Eric Leuthardt, MD is a a neurosurgeon who is currently a professor with the Department of Neurological Surgery and the Department of Biomedical Engineering. He is the Director of the Center for Innovation in Neuroscience and Technology and the Brain Laser Center. One of his areas of research is advanced brain mapping for neurosurgery. Leuthardt is pioneering the use of electrical brain implants to help restore motor function to the paralysed limbs of stroke victims.
Allegra Petti, PhD, is an Assistant Professor in the Department of Medicine’s Division of Oncology and the McDonnell Genome Institute. Among other research interests, she specializes in the integration of multiple types of genomic data and biomarkers to understand tumor heterogeneity and the microenvironment of solid tumors.
Josh Rubin, MD, PhD, Professor of Pediatrics, Neurology, and Neuroscience, studies the biology and treatment of pediatric brain tumors. His work with diffuse intrinsic pons glioma (DIPG),the most deadly pediatric cancer, is an incredible match for focused ultrasound because of its location in the pons.
Dennis Hallahan, MD, Elizabeth H. and James S. McDonnell III Distinguished Professor of Medicine and Chair of Department of Radiation Oncology. He has developed several drugs that have entered Phase I through Phase III clinical trials. These drugs have been developed through biotechnology start-ups and through collaborations with pharmaceutical industry.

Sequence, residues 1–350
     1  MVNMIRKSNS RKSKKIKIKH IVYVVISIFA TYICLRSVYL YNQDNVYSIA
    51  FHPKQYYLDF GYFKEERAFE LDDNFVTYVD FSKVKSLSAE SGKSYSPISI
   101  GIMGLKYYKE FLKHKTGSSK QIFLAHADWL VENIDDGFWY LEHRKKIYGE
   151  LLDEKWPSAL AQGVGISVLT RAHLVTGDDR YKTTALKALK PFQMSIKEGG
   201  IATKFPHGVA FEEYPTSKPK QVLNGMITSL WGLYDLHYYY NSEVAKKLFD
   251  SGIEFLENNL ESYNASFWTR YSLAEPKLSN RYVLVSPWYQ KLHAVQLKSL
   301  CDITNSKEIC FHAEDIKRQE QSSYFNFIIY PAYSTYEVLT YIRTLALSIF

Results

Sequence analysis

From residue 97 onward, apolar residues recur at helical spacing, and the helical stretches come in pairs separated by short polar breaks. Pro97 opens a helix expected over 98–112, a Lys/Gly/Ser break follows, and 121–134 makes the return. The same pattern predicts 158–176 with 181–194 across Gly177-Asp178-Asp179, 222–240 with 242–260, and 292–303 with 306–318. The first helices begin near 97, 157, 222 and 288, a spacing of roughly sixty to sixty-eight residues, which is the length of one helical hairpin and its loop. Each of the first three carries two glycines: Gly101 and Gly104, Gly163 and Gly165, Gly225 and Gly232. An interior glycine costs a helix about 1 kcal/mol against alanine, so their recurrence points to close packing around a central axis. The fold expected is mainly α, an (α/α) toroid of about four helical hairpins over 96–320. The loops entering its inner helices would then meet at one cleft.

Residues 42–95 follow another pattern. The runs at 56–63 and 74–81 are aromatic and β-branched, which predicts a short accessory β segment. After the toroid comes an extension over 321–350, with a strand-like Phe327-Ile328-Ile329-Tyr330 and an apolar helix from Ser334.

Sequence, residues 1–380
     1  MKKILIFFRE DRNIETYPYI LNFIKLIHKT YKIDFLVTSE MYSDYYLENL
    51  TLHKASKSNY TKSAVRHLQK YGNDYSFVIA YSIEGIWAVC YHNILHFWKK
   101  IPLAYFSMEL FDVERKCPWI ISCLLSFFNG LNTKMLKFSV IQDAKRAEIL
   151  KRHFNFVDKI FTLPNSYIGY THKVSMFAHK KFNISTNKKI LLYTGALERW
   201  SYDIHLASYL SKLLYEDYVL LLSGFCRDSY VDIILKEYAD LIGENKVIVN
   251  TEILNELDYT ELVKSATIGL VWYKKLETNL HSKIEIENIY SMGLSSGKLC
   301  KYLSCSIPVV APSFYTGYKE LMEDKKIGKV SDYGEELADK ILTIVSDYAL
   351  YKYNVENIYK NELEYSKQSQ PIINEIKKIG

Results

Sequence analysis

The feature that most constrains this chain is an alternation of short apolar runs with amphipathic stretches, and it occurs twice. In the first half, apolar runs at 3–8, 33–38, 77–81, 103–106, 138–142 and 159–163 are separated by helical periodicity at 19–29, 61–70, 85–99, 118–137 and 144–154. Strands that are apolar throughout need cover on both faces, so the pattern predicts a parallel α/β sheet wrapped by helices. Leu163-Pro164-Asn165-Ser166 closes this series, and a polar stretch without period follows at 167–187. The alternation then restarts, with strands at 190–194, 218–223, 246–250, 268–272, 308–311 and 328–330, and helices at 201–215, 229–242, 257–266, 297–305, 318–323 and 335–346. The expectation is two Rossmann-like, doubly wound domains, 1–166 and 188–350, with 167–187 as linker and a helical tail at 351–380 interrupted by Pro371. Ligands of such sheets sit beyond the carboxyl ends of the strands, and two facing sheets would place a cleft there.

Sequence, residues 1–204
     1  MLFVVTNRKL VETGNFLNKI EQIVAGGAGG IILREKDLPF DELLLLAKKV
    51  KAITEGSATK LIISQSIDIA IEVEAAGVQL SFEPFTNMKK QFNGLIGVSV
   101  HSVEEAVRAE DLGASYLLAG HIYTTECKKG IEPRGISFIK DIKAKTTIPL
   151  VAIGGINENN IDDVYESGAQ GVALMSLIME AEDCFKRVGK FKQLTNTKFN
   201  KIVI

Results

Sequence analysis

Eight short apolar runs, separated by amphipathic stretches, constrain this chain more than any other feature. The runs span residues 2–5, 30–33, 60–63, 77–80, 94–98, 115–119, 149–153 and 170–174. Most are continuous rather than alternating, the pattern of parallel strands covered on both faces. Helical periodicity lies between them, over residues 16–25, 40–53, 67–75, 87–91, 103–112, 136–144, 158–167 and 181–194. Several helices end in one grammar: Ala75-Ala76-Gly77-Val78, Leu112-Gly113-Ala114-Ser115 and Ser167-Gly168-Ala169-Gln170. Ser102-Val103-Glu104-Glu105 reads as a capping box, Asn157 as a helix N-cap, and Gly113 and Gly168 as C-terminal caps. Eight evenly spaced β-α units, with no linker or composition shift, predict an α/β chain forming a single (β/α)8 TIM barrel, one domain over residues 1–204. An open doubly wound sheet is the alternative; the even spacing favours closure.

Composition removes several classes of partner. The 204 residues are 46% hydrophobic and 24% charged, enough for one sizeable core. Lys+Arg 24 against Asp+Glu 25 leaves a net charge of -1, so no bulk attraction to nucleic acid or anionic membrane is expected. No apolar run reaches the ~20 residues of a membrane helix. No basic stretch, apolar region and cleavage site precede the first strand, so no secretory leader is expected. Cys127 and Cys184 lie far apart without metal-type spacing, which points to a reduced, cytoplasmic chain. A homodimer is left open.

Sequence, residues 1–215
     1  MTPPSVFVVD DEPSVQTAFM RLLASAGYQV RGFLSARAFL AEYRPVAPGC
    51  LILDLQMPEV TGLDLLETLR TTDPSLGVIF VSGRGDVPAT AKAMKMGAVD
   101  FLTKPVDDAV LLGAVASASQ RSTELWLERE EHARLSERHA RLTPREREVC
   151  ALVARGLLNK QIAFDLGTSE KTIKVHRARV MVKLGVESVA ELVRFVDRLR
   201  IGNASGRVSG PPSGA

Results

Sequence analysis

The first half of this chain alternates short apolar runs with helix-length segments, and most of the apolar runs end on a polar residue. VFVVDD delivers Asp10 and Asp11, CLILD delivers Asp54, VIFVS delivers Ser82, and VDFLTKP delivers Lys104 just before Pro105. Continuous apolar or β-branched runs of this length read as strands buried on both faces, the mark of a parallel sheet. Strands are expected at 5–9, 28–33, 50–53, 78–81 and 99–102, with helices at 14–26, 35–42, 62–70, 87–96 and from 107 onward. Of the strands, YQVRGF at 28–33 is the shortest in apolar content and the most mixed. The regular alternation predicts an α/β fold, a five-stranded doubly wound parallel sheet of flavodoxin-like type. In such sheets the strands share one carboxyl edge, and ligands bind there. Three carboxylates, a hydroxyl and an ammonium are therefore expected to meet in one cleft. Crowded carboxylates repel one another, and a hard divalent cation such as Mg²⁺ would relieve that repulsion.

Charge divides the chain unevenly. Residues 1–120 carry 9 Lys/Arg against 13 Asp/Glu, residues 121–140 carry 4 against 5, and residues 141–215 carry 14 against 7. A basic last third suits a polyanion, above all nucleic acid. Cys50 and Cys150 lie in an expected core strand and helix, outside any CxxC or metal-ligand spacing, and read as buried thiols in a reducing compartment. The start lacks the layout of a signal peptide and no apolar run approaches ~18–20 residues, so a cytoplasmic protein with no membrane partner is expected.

Imran Zoberi, MD, Professor of Radiation Oncology, is chief of the breast cancer service and chief of hyperthermia service in radiation oncology. He also serves as the Clinical Director for radiation oncology at Barnes-Jewish West County Hospital.
Michael Altman, PhD, Assitant Professor of Radiation Oncology, is the lead clinical physicist for the MR/HIFU focused ultrasound program at WUSTL. His focused ultrasound research interests include quality clinical implementation of hyperthermia for MR/HIFU systems and quality assurance of MR/HIFU systems. He is leading the project on hyperthermia for radiosensitation and is seeking IRB approval and an IDE to use the Sonnalleve system for this work.
Xiaowei Wang, PhD, is an Associate Professor of Radiation Oncology and Biomedical Engineering. He is an expert in biomarkers, specifically in identifying prognostic biomarkers for human cancers and developing microRNA therapeutics for human cancers. The Wang Lab is currently collaborating with radiation oncologists to validate the clinical utility of prognostic biomarkers to guide treatment decisions.
ProjectsWhich focused ultrasound applications and biomechanisms do you investigate?
We use the mechanical applications of focused ultrasound to deliver drugs to the brain. We use thermal mechanisms in projects to target soft tissue sarcomas and tumors in the lower abdomen, such as cervical cancer. We hope to start clinical trials early next year, and Dr. Altman is taking the lead on the clinical translation of mild hyperthermia.
Tell us about your various projects and studies?